Each week Megan Nicol Reed asks a public figure to choose three of the seven deadly sins to confess to. This week, 30-year-old comedian Alice Snedden enters the box.
Your good friend and collaborator, Rose Matafeo, has said your work ethic is impressive. That doesn't sound very lazy …
One of my main things I'm known for among my friends is my ability to do absolutely nothing. I work really hard but when I'm not working I will do absolutely nothing. My favourite holiday is to go somewhere and do nothing. I'm exhausted by the idea of going to like Italy and having to see things. I would happily go there and sit on a deck and read a book.
So doing nothing still involves doing something?
Sometimes, but not always. Sometimes I can just sit there. I love full, deep relaxation. I pride myself on being able to compartmentalise my life and just be like, okay now work's over, now I'm here, and now I'm doing nothing … A perfect example is I will lie down on the couch and if I want something I won't go and get it. I will wait until somebody comes into the room and then wait until they're leaving the room, and go, "Hey, while you're up, do you mind?" I'll bribe people to pass me something that's just out of reach. It's abhorrent.
As the youngest of five children, though, I imagine growing up it was more a case of everyone fending for themselves?
Yeah, but our holidays weren't jam-packed with activities. Our holidays were like, "Okay kids, all jump in the car, we're going to a motel in Waiwera for two weeks." And then we'd get there and Mum and Dad would be, "Okay, we're reading a book, you guys entertain yourselves." That was the holiday.
I assume comedy hasn't made you rich. You originally trained as a lawyer, do you ever regret ditching law?
No, oh my gosh, no. Truthfully, it has made me a rich woman. I mean rich is like a relative term, right? I always kind of cringe when people are nervous to call themselves that when it's quite clear they have a certain level of wealth that is over and above the median income of New Zealand. I'm earning about what I'd be earning as a lawyer right now. I think money is such an important thing to talk about and people tend not to, especially in New Zealand. It's one of the things I've always been really clear about with myself, that you can talk about money and what you're worth in a way that doesn't have to be disrespectful to other people but is like an empowering tool. If every comedian knew what every comedian was getting for every gig then we'd all be in a better position to ask for what we wanted.
Why pick greed?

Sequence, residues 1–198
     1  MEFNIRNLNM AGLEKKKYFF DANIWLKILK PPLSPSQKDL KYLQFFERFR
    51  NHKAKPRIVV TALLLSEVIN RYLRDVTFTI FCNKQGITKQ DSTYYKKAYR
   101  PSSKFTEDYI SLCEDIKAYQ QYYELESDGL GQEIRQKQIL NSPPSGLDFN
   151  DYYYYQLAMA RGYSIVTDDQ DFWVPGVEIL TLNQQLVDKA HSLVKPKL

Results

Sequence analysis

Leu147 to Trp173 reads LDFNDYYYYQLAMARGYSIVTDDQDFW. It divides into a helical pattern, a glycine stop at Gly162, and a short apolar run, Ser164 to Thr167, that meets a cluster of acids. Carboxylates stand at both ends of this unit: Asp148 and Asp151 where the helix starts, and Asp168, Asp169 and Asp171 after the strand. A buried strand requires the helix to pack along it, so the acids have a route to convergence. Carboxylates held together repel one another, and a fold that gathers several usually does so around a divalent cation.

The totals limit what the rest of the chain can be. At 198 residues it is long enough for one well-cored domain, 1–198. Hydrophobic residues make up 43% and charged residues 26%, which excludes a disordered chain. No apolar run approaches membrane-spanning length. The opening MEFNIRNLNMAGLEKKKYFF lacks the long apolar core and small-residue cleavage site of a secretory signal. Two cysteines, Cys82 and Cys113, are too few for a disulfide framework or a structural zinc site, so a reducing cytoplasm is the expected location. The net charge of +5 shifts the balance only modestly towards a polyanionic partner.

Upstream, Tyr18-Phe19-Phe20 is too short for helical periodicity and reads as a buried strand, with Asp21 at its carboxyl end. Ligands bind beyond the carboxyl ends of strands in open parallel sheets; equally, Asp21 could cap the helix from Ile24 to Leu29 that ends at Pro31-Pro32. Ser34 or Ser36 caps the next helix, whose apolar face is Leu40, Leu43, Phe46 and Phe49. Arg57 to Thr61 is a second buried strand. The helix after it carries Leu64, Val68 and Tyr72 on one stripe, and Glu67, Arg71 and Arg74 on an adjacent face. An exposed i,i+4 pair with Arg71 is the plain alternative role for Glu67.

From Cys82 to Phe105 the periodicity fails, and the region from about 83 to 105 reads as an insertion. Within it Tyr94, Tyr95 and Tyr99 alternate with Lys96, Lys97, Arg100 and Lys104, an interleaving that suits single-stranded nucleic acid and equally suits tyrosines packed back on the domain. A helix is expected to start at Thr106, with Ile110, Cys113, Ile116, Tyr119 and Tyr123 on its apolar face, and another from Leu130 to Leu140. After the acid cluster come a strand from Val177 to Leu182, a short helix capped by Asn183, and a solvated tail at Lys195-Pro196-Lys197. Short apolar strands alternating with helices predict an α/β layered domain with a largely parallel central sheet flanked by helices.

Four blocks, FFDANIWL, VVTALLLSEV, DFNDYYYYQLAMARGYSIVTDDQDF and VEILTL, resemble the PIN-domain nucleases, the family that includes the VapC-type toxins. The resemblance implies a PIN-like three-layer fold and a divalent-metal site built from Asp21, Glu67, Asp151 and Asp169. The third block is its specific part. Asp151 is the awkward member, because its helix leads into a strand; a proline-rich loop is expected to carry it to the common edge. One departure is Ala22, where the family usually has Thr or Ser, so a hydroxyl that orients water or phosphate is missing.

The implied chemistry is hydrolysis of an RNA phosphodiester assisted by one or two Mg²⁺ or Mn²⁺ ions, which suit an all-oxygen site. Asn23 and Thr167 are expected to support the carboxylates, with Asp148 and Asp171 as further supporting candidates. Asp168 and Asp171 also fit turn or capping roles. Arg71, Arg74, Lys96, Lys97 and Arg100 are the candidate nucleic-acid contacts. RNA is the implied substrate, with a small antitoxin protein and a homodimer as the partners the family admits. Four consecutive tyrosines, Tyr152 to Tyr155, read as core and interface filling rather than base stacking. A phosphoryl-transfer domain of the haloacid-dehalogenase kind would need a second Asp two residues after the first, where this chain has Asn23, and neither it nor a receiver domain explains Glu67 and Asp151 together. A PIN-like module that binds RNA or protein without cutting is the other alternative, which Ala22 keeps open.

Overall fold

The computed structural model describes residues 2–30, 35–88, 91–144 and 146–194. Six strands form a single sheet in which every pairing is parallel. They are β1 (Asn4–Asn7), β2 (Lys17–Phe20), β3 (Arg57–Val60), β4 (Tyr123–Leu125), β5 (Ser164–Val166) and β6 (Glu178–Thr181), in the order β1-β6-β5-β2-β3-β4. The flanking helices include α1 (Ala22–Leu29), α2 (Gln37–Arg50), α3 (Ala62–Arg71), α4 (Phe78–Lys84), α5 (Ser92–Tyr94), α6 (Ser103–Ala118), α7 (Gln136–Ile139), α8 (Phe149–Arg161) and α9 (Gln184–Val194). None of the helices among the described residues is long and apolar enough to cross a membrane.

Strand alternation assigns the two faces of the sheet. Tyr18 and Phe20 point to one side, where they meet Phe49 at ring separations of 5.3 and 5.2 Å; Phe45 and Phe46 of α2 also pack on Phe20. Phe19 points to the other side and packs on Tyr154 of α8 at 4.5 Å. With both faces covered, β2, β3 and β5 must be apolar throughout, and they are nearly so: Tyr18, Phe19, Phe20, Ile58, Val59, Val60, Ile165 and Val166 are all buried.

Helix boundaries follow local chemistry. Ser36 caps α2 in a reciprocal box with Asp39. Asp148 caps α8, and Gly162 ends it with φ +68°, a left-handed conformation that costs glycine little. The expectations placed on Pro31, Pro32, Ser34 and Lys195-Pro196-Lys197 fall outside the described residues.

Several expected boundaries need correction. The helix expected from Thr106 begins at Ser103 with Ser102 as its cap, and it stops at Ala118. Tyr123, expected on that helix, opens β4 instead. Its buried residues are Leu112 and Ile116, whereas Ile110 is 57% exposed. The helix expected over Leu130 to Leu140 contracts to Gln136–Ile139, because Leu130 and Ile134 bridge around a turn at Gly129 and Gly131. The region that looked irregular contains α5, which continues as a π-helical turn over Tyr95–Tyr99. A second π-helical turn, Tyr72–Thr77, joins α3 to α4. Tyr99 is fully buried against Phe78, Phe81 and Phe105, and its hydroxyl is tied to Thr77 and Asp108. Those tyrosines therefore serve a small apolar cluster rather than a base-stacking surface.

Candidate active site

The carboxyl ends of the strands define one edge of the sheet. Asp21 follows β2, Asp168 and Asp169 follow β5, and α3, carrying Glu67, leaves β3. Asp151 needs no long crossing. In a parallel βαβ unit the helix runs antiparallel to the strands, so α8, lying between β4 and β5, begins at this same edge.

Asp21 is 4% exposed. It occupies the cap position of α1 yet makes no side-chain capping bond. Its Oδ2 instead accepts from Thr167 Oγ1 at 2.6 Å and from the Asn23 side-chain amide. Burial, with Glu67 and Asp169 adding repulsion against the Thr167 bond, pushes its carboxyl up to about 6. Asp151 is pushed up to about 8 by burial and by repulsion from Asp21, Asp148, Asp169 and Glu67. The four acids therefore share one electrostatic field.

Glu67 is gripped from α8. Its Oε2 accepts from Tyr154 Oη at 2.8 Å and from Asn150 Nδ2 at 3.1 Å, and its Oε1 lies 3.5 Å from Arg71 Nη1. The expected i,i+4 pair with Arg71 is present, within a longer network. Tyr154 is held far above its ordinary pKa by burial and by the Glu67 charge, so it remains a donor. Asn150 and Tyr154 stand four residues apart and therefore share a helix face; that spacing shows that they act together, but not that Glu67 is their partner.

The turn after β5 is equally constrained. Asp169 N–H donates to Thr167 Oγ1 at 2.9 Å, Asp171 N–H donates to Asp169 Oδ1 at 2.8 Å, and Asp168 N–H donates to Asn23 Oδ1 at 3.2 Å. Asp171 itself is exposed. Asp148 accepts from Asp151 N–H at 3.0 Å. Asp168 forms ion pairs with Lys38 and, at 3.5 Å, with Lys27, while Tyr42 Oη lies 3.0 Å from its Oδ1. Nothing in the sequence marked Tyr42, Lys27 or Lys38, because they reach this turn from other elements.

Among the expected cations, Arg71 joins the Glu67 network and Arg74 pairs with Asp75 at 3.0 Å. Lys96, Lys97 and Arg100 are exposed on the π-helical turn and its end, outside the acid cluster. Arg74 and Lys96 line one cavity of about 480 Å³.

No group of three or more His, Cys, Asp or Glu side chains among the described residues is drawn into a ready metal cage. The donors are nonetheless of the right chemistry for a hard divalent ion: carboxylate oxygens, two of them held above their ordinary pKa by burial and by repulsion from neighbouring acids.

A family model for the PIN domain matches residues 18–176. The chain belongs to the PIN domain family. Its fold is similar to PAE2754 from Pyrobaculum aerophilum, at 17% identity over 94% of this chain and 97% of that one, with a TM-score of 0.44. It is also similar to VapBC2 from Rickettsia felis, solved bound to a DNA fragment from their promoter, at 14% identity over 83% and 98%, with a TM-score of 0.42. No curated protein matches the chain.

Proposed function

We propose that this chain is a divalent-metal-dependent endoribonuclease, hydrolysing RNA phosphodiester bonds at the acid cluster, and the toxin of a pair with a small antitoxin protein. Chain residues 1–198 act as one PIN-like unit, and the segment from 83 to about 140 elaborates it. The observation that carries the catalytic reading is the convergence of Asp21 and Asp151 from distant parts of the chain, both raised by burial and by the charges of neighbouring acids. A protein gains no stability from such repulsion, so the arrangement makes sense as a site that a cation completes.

As a kid I was obsessed with money. We always had what we needed but my parents were not materialistic and they were extraordinarily generous with their money. But I was interested in business. My dad ran a publishing company and I always wanted to know how much everyone got paid and how to turn profit. It was never money for the sake of getting me things. I was just interested in who had it and how you got it.
On social media you come across as utterly confident. These days confidence is almost synonymous with pride, don't you think?
Yes and no. I feel like confidence is, in essence, a fallacy. No one ever believes in themselves 100 per cent of the time. But in terms of presenting who I am, I've always felt okay about that, because I've always felt like I couldn't really change it. I think it's good to take on the criticism of the people whose opinion you trust and then know that the rest is not important. So maybe that gives you a sense of confidence. I spoke about this in my last show, how maybe I was too confident, if that was my downfall. And I don't know what it is, but I've never felt the way people presume I feel.
Most comedians do that whole self-deprecating thing - why don't you?
It was deliberate initially. I was, like, I don't want to get on stage and make fun of the way I look or that I'm an idiot. Because I just didn't feel like that was true to who I was. But then it's mostly just about being funny and I think that's where I'm funniest; me assuming this air of superiority while clearly undercutting that with where I'm at.
Alice Snedden performs her show, Absolute Monster, at the 2019 New Zealand International Comedy Festival, Tuesday, May 7 - Saturday, May 11, see comedyfestival.co.nz